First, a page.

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Justin Rattey on Virtual Criminal Trials and Originalism
Michael Ramsey

Justin D. Rattey (J.D., Ph.D. Georgetown University) has posted Gap Filling: Assessing the Constitutionality of Virtual Criminal Trials in Light of Ramos v. Louisiana (Penn State Law Review, 2020) (7 pages) on SSRN.  Here is the abstract:

Court closures in response to the COVID-19 pandemic have led some to consider the possibilities of virtual jury trials, with at least one state court already conducting a virtual trial in a civil case. The Supreme Court’s recent decision in Ramos v. Louisiana, in which the Court held that jury verdicts must be unanimous, sheds light on the constitutionality of virtual trials in criminal cases. But the answer that Ramos suggests—that virtual criminal trials are unconstitutional—is difficult to square with the answer offered by constitutional theory. Though the author of the Court’s opinion in Ramos, Justice Neil Gorsuch, is ostensibly an originalist, originalist theory (reflected in the scholarship of, among others, Professors Larry Solum, Randy Barnett, and Jack Balkin) would seem to allow for virtual trials because that inquiry falls in the Constitution’s “construction zone.” The Constitution says nothing about whether jury trials must be in-person, affording legal actors greater (although not unlimited) latitude to adjust jury practices to take account of current circumstances. This essay compares the Ramos Court’s analysis to that of prominent originalists to preliminarily address whether virtual jury trials are constitutional. Additionally, through that comparison, this essay demonstrates the extent to which originalist theory has yet to succeed in shaping Supreme Court decision-making.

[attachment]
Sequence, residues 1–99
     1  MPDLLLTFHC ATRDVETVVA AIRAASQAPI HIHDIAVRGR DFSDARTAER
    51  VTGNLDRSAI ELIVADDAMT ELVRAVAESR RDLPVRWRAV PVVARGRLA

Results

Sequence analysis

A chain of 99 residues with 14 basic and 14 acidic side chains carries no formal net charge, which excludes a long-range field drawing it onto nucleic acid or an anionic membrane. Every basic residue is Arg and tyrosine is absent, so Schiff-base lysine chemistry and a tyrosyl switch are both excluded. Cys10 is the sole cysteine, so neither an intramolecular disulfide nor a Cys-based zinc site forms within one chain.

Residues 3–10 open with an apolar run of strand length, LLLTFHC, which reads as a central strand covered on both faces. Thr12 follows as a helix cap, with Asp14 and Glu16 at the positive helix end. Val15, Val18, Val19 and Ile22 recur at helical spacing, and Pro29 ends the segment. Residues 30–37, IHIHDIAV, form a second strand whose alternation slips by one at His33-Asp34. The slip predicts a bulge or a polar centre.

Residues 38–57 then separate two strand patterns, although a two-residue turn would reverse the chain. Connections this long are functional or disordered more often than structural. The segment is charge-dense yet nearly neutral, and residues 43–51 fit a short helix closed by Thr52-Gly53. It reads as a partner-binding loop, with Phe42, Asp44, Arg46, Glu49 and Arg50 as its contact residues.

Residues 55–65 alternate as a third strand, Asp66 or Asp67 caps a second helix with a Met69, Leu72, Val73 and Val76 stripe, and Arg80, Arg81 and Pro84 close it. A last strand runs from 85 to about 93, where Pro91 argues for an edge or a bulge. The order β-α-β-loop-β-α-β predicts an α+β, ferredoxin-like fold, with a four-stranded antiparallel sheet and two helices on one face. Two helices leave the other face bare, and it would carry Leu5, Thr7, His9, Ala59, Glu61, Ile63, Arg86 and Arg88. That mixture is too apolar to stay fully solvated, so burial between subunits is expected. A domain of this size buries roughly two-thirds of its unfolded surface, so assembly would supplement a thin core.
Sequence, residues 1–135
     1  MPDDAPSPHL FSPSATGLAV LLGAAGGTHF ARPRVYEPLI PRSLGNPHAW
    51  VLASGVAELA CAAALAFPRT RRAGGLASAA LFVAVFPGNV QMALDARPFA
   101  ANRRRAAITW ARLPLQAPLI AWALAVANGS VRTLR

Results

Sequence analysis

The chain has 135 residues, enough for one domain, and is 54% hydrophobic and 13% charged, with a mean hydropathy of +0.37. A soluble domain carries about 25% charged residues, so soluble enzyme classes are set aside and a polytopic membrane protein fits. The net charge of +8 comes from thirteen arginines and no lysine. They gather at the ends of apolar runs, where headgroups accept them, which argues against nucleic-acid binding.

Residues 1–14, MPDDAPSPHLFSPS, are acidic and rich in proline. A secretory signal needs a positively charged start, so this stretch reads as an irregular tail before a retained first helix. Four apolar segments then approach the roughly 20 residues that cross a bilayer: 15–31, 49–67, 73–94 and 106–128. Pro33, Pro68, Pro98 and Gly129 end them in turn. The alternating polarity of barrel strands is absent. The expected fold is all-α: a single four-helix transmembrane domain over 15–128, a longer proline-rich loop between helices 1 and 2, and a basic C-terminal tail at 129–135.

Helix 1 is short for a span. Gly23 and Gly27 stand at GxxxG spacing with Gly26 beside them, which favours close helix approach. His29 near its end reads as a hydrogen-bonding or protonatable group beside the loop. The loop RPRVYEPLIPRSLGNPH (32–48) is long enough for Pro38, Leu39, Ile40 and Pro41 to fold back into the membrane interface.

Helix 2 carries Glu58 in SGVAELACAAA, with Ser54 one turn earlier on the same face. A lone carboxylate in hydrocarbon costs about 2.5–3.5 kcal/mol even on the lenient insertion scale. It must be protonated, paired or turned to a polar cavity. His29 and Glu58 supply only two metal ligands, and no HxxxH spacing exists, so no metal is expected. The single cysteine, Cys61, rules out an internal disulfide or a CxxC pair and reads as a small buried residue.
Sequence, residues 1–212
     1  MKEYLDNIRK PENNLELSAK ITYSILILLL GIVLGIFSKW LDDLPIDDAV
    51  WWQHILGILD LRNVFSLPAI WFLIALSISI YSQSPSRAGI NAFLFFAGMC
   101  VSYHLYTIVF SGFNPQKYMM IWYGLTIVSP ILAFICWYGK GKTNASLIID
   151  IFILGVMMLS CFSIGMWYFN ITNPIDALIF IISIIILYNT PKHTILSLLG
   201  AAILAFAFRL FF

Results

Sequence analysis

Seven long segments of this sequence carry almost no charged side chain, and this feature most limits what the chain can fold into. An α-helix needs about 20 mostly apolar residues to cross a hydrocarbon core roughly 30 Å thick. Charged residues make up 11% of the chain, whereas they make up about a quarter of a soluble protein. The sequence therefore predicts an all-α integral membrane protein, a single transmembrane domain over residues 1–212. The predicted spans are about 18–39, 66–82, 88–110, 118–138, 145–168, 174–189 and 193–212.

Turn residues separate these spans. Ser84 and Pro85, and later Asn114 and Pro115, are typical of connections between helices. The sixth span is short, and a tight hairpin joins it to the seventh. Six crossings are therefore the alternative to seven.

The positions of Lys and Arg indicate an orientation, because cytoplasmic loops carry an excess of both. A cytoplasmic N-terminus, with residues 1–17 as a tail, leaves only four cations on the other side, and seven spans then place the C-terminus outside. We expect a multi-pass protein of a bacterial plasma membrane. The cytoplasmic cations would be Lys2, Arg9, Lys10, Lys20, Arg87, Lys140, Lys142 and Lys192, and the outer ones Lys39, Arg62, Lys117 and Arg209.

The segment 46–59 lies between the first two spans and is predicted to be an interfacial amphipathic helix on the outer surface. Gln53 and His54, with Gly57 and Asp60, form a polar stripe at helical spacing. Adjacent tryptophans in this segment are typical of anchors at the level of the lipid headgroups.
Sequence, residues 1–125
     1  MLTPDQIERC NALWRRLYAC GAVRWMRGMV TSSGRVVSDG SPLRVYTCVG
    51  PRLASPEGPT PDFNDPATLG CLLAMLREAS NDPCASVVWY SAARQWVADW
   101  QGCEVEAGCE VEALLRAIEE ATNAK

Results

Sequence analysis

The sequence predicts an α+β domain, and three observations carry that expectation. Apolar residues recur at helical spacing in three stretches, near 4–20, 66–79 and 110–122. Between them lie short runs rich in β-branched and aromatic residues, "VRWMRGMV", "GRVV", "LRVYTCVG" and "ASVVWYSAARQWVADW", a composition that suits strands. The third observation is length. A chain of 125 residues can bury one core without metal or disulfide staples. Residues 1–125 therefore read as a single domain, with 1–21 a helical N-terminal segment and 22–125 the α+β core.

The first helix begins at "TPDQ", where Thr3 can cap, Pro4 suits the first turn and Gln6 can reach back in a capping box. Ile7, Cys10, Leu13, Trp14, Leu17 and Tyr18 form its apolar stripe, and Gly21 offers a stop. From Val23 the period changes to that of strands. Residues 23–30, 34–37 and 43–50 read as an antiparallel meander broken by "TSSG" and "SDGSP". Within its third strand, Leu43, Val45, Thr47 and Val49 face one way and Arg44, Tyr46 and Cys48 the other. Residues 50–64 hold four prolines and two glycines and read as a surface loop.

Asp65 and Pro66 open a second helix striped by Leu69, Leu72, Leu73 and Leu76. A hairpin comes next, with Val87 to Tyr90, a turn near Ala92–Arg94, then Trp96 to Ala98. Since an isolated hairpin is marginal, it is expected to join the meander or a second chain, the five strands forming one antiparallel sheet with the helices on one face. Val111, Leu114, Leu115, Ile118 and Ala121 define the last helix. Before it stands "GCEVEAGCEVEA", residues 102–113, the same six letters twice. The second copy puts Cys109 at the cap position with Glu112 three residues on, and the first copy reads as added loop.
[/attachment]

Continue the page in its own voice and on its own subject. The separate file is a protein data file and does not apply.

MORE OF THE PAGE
Interesting -- a more difficult issue for originalists than many evolving-technology cases, I think.  But I don't know that the issue is framed correctly here, at least for many originalists.  I assume no one thinks the Constitution requires a jury trial to look exactly like an eighteenth (or nineteenth) century jury trial.  But it must have the essential features of a historical jury trial.  That's the point of Ramos, I take it: unanimity is one of the essential features.  Is an in-person hearing also an essential feature?  That can't really be answered purely historically since there obviously weren't virtual options then.  But we can ask: does the virtual hearing change the dynamics so much that it's not really the same process?  I'm not sure of the answer but I think that's the originalist question.  The key point is that answering this question does not turn on an assessment of "current circumstances" (meaning the problems posed by the pandemic).